When we made a football field, they started NYE United. When we designed a community building, they organized community dinners, a choir, gaming nights and Friday bars. When we added green houses, they started growing vegetables together. By offering clearly defined, accessible community spaces in the city, strong and resilient communities are created.
The pandemic has also spotlighted the stark social iniquities of our urban centers and the dramatic effects that architecture and urban planning can have on vulnerable populations in a wide variety of areas — from health to education. How do we ensure that future urban design and architecture can better impact the living and working spaces of those most in need?
Mikkel Hallundbæk Schlesinger: Diverse communities are stronger. The pandemic has made the inequalities between neighborhoods very visible and low-income neighborhoods with social problems have been hit harder. A mix of people of all ages and different income groups living together, are more able to see each other’s needs and support each other during a crisis.
We have seen that young families started shopping and cooking for the elderly in their neighborhood and a retired couple organized home schooling for their neighbor’s kids, while the parents went to work at the hospital. When we live close to each other, we notice the need for help and are willing to step in. The crisis proofs the benefits of different people living together in the same neighborhood.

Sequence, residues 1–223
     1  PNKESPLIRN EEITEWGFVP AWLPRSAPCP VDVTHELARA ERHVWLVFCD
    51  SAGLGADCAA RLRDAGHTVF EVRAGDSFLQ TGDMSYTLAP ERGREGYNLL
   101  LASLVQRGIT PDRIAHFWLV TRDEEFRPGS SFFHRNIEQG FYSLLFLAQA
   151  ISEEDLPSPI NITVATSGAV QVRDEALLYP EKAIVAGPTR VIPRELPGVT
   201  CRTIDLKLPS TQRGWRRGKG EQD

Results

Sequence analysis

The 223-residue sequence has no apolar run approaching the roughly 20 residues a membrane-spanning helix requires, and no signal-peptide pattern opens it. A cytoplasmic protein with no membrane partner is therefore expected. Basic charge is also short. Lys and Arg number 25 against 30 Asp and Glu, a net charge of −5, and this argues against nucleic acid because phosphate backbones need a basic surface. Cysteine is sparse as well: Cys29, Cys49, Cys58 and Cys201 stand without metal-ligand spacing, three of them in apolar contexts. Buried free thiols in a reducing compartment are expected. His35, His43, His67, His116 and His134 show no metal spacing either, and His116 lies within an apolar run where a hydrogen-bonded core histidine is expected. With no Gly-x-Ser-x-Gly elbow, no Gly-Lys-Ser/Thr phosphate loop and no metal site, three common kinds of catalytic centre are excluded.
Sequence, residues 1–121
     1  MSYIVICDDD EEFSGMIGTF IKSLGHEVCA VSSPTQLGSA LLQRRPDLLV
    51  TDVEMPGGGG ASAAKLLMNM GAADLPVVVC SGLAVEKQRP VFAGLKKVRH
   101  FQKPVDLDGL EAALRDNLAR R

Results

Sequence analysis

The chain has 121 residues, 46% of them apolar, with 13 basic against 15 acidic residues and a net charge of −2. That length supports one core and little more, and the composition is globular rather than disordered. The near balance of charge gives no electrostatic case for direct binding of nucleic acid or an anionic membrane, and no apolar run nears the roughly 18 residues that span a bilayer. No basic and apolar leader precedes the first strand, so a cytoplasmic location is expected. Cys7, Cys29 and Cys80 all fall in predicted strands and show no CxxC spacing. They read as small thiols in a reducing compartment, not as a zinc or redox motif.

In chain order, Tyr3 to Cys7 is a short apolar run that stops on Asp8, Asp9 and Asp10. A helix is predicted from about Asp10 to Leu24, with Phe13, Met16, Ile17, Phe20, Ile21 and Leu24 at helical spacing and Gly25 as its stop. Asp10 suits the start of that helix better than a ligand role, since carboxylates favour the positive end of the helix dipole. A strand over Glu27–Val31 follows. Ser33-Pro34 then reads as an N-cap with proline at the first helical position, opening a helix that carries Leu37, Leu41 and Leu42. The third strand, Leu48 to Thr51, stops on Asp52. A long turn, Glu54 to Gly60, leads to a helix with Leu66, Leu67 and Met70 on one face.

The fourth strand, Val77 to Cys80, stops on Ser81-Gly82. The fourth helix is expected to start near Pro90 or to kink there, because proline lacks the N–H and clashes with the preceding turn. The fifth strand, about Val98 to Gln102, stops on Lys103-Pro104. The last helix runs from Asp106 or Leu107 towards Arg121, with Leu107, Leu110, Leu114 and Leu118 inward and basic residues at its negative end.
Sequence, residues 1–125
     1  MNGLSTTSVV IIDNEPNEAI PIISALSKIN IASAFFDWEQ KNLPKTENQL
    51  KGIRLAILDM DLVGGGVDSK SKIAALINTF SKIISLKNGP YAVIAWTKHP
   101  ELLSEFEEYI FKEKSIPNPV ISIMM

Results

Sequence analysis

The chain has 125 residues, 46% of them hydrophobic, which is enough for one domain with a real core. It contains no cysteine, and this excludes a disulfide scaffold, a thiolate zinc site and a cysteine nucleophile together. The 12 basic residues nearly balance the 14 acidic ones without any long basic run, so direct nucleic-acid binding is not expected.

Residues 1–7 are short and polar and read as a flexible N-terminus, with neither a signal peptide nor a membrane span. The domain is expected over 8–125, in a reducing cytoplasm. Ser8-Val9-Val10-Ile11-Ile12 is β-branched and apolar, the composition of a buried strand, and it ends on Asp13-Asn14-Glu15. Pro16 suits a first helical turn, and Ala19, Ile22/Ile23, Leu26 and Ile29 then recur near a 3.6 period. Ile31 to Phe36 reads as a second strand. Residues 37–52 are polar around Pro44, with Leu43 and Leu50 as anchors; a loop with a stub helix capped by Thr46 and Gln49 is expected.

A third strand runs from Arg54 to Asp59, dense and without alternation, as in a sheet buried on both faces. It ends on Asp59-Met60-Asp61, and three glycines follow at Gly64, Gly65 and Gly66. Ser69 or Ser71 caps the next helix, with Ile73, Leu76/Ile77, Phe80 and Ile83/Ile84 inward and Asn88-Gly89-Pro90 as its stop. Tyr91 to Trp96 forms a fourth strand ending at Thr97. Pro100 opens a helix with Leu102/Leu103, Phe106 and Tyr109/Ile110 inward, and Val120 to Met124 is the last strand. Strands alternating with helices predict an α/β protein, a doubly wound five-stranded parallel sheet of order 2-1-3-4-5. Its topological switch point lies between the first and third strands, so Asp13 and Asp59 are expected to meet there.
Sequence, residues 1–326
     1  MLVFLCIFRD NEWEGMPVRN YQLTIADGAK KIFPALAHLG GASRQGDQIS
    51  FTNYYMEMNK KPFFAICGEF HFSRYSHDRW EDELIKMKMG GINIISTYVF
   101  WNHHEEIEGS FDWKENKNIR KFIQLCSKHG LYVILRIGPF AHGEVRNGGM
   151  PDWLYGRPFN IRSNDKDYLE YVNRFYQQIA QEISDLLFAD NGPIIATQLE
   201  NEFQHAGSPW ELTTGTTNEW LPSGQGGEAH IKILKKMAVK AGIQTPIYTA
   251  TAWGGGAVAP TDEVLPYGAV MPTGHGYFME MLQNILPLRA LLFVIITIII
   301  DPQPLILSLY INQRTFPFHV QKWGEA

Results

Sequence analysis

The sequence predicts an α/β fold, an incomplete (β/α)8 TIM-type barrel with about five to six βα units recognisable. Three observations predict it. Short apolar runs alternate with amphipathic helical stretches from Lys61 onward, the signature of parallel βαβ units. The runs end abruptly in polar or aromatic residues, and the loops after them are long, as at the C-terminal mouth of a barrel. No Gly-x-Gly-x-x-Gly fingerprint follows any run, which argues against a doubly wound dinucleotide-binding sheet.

Diverse communities are stronger. A mix of people of all ages and different income groups living together, are more able to see each other’s needs and support each other during a crisis.
To achieve diverse cities, all income groups have to be able to get into the real estate marked — also in the popular areas. Experimenting with alternative ownership models and scalable homes, are some of the tools CEBRA are using. The award winning Iceberg was designed for a mix of social housing and privately owned apartments with sizes varying from 400 to 2500 ft2. This allowed for people of different ages and from different income groups living together in the seafront property.
Andrew Zaganelli Giacalone is the Head of Strategic Communications and Press at Denmark In New York.